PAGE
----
Victoria and Abdul may appear to be a simple linear story about an unexpected relationship between an ageing queen (played by Judi Dench) and her Indian servant (played by Ali Fazal). But scattered through the narrative are profound moments which provide important insights into the invisible inner life of many people in their final years.
We first see Victoria as she is hauled from her bed to be dressed, decorated and wheeled out for ceremonial occasions, where she nods off out of boredom. Who would think that, within this old body, still lives a real person with the capacity to learn, laugh and love?
When Abdul arrives, to present a ceremonial coin, he is instructed not to make any eye contact with Victoria. But, he refuses to treat her in the same way as the self-serving officials, and there is an instant human connection between them. As their relationship grows, Victoria reveals to Abdul her sense of imprisonment by those who see her as a ‘fat, lame, impotent, silly old woman’. And gradually we see the release of her vibrant inner life. She wants to sing and dance under the stars. She wants to taste mango. She wants to learn Urdu. Her body may have aged, but she is still young at heart.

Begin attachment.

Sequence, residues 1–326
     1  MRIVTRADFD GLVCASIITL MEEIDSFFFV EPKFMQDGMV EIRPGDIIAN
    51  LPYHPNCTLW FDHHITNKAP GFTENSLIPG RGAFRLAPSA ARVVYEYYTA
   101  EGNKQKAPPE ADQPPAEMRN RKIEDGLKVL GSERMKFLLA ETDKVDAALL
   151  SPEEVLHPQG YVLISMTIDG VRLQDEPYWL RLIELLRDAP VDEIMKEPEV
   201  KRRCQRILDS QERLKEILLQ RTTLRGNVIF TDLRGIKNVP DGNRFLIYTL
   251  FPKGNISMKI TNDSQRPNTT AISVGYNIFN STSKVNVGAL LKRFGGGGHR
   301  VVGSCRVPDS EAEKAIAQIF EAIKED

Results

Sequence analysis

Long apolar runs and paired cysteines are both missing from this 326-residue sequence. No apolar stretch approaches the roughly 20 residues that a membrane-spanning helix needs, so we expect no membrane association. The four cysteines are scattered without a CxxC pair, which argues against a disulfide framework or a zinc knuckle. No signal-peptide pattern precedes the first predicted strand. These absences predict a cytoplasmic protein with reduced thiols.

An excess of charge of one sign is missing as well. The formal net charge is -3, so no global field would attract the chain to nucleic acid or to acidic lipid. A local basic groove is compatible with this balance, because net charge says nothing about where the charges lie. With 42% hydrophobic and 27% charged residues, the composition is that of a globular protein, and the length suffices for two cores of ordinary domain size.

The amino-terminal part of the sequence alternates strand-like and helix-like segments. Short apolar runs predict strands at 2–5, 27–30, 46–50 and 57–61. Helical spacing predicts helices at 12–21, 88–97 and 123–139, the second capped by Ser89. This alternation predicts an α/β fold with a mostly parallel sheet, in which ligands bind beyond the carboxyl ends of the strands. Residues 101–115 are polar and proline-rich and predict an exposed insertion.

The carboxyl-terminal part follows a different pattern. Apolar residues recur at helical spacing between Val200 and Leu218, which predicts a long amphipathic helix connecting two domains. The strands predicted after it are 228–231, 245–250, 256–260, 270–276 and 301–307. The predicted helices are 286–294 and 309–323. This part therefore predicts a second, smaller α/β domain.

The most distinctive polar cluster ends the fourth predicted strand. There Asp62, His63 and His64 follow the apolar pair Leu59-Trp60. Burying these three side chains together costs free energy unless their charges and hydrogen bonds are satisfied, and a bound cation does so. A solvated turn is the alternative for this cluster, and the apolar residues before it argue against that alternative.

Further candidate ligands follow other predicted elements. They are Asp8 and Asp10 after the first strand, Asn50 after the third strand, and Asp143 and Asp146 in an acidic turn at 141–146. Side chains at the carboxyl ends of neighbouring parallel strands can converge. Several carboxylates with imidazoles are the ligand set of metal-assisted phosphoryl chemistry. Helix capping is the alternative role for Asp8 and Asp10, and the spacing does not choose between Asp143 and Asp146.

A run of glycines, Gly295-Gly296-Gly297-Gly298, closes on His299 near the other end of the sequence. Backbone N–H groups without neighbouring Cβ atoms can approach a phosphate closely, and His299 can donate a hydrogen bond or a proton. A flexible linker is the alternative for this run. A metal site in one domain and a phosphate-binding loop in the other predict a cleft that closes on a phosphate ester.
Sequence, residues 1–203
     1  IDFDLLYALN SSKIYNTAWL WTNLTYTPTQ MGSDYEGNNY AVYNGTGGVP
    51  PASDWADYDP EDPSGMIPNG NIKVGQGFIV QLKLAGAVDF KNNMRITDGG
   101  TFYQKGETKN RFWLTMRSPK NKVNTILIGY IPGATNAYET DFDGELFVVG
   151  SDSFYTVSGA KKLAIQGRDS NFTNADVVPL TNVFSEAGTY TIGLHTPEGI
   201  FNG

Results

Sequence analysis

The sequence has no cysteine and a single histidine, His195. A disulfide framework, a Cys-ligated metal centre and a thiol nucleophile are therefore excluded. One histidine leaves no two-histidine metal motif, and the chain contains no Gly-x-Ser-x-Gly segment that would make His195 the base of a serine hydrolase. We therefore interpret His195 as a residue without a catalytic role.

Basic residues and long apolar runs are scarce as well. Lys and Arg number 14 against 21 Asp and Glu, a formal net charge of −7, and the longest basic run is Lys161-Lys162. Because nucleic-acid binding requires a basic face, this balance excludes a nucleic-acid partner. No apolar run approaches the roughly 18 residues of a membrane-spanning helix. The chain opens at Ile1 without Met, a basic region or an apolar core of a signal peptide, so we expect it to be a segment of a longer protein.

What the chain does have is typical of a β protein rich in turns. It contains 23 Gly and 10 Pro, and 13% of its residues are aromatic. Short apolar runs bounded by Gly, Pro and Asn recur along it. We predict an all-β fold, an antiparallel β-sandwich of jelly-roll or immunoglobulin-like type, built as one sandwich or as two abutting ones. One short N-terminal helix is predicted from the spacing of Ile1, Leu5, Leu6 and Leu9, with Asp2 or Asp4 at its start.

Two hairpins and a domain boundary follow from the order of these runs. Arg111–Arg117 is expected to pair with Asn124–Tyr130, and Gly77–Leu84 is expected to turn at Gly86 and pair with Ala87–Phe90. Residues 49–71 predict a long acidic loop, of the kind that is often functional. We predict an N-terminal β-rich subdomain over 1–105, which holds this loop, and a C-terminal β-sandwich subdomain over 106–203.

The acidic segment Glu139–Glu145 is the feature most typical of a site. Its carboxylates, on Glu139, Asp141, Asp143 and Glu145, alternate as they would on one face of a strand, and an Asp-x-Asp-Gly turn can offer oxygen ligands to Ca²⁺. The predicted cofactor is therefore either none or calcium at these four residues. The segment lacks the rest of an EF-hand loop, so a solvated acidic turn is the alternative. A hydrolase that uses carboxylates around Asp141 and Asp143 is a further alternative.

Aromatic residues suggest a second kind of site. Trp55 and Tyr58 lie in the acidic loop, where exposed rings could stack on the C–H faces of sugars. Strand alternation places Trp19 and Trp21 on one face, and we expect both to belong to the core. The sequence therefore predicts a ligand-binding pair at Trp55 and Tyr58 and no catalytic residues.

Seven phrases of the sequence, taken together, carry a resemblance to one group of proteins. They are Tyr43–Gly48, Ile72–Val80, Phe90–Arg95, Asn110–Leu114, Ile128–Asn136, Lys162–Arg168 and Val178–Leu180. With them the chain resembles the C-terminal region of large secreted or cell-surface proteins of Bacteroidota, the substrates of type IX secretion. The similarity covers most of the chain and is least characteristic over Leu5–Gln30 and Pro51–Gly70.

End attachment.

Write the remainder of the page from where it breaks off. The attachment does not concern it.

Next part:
At a time when questions are being raised about the social cost of providing for elderly people, this film offers an important reminder of the humanity and value of everyone, whatever our age. In their final years, many echo the words of Psalm 71 ‘Even when I am old and grey, do not forsake me, O God’. Perhaps this film will encourage us all to be part of the answer to those prayers.